Latest post in a series on Affordable Housing
Tip o’ the hat to Barbara Diamond for sharing her reading on this timely topic in our town.
Nonprofits that purchase land, build homes on it and sell them below market rate are giving low-income buyers a chance.
After being priced out of renting in a series of neighborhoods, Ms. Robey, a 43-year-old single mother, became determined to buy a house of her own. “Being able to build some kind of equity, being able to have this home base where your family can come visit,” Ms. Robey said, “I wanted that for myself.”
That wish became a reality when she discovered the Atlanta Land Trust, an organization that creates and protects affordable housing. Community land trusts are locally run nonprofits that purchase land, build homes on it and sell those homes below market rate to low-income buyers. The trust keeps the deed for the land, leasing it to homeowners who sign a long-term agreement to limit their home’s resale price, so that it stays affordable into the future.
“You make a one-time investment in creating a community land trust unit, and that unit is affordable forever,” said Amanda Rhein, executive director of the Atlanta Land Trust.
The Atlanta Land Trust focuses on low-income buyers who make between 60 percent and 80 percent of the local median income and can readily support a traditional mortgage.
The influence that powerful private real estate interests exert on American city governments has caused housing prices and rents to soar over the past decades, increasingly placing homeownership out of reach for families of color, and Black Americans like Ms. Robey in particular. Community land trusts form a promising corrective to this trend. By removing land from the speculative market, they keep housing affordable for first-time homeowners — especially low-income people of color.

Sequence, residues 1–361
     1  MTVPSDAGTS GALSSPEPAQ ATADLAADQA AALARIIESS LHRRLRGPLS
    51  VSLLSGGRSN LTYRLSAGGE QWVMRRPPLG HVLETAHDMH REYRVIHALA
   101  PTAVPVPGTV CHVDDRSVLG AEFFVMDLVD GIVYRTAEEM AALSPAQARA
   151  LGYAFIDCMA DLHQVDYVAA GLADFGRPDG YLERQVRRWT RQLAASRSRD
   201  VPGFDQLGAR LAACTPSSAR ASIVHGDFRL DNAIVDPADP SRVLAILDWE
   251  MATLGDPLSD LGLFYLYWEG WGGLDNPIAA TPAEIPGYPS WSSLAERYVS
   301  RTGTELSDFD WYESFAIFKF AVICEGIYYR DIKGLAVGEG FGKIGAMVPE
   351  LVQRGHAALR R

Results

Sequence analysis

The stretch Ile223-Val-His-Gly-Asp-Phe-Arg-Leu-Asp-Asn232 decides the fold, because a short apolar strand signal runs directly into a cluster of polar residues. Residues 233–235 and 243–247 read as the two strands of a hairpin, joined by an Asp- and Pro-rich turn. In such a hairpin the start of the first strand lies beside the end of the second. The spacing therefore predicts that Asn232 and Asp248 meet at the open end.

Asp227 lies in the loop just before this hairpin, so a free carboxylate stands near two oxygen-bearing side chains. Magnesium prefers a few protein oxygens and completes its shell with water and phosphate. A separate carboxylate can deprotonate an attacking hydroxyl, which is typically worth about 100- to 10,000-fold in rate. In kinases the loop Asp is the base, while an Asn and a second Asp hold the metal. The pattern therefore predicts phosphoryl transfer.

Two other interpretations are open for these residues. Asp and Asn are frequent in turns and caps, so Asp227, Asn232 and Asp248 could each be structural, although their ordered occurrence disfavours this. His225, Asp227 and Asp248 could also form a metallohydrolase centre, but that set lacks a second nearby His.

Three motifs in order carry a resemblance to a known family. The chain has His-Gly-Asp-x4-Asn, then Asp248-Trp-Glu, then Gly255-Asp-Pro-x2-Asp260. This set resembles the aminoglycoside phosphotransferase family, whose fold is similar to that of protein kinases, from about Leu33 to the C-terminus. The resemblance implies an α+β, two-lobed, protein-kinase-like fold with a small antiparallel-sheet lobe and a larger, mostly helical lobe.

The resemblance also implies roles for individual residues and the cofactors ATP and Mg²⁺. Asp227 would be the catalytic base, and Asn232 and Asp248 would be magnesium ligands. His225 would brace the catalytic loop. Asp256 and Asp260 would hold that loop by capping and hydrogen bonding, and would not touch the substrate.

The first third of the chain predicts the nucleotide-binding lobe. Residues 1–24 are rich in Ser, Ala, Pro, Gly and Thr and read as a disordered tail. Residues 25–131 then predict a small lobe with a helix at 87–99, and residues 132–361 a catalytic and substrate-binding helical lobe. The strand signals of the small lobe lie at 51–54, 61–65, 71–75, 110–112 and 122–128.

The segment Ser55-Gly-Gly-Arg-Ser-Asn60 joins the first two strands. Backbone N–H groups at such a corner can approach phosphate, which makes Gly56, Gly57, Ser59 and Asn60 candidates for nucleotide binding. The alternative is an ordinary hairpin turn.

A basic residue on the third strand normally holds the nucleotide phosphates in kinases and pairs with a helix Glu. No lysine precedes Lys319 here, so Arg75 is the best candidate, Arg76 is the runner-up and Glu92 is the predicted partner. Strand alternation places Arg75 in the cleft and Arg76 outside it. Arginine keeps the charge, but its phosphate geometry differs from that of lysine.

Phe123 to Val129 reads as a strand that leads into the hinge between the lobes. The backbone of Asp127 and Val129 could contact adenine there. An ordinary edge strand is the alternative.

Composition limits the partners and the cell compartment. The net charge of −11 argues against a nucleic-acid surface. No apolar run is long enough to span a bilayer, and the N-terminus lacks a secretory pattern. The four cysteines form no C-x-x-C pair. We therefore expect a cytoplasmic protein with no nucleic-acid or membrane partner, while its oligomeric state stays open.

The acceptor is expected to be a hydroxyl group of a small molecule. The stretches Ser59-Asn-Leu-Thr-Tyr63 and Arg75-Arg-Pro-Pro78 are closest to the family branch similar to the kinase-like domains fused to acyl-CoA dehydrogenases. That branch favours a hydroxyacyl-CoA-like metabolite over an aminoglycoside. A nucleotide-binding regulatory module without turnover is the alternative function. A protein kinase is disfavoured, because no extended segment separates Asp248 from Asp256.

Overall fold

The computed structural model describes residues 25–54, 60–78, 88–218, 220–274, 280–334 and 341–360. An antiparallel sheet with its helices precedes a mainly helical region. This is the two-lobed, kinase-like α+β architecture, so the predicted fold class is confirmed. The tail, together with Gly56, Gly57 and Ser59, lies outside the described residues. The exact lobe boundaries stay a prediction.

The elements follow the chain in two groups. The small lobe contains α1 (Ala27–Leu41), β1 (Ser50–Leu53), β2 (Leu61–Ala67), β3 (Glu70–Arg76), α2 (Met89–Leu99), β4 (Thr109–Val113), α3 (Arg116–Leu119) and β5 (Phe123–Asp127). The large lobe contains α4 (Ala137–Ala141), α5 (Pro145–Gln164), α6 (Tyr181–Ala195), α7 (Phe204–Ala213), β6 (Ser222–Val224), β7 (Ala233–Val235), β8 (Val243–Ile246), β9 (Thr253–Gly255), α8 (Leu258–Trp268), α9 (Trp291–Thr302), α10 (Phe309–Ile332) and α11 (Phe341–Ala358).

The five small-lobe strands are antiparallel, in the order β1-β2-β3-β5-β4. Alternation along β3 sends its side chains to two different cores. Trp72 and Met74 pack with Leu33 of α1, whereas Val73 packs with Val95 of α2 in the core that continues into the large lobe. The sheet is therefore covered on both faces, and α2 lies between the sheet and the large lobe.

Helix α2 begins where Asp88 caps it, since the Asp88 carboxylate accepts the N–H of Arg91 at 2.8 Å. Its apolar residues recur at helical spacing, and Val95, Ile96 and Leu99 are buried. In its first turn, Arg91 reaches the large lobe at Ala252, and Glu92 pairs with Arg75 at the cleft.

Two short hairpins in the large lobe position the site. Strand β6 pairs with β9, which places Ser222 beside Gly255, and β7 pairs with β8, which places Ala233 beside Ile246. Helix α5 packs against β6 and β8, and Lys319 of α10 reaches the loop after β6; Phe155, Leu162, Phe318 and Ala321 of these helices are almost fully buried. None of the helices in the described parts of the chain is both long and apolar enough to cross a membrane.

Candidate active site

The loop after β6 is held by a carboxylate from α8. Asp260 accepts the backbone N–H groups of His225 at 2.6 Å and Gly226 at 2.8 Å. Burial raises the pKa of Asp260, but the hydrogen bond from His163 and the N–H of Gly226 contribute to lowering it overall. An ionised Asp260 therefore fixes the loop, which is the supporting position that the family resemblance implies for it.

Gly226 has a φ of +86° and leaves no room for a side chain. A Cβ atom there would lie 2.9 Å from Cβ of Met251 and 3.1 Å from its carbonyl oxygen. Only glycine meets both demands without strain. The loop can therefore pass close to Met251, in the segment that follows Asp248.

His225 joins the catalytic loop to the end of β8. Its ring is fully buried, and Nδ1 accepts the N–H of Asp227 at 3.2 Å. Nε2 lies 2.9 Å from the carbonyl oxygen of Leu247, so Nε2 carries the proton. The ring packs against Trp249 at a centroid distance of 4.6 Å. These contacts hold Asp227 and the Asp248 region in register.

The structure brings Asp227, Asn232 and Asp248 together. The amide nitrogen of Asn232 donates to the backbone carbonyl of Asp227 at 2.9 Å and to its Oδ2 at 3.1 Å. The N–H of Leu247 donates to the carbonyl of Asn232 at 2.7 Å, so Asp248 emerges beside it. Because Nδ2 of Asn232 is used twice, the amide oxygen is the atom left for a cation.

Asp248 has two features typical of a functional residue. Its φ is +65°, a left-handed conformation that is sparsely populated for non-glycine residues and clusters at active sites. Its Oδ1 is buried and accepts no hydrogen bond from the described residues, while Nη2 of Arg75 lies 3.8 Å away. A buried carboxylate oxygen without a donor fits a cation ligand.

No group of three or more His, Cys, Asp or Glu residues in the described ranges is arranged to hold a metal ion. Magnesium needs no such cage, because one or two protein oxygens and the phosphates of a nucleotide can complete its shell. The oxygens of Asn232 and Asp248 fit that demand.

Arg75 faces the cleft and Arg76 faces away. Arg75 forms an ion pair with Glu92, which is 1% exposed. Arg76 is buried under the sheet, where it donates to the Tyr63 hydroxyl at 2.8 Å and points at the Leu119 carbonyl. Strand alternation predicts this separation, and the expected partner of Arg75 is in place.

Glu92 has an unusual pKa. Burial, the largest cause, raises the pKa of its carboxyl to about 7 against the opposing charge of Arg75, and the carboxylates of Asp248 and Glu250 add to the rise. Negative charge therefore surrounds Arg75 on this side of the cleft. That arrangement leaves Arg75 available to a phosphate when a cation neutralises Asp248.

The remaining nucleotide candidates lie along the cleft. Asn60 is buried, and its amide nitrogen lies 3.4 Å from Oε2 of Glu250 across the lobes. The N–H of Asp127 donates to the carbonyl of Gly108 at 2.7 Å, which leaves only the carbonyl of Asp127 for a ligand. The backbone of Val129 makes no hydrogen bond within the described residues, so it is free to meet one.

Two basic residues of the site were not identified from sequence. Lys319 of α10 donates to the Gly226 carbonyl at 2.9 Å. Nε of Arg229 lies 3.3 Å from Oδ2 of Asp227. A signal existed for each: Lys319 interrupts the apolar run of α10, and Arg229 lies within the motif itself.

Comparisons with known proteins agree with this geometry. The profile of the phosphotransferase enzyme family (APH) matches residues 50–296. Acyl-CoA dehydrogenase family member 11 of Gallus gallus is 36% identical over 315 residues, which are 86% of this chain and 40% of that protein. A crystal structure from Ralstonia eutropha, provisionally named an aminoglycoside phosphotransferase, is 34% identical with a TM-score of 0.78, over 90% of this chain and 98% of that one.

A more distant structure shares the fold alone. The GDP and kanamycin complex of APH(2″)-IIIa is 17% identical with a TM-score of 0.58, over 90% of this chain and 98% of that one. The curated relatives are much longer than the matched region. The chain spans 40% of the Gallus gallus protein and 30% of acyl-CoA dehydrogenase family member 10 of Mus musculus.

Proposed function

In America, community land trusts have always been rooted in racial equity. Unlike other types of land trusts, like those formed to conserve land by restricting development, they were devised specifically to prevent the displacement of communities of color.
Encouraged by research on the benefits of community land trusts, Grounded Solutions aims to support the creation of one million new units across the country over the next 10 years. The model has been shown to keep foreclosure rates low through recessions and prevent displacement. It also increases access to homeownership and builds wealth over time for communities of color, according to a 30-year study of land trusts and similar affordable housing schemes from the Lincoln Institute of Land Policy.